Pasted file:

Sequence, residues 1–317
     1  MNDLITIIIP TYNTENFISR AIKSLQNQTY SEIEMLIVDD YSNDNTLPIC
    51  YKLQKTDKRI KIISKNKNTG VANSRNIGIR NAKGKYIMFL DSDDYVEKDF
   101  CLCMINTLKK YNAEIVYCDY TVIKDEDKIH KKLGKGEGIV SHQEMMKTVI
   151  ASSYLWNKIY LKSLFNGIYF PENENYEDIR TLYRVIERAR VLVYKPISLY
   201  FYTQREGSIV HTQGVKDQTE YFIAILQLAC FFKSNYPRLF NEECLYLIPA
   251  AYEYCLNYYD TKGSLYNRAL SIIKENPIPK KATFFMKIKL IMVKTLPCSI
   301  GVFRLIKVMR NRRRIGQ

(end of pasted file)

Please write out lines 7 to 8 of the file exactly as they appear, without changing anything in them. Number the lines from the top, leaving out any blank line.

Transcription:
   251  AYEYCLNYYD TKGSLYNRAL SIIKENPIPK KATFFMKIKL IMVKTLPCSI
   301  GVFRLIKVMR NRRRIGQ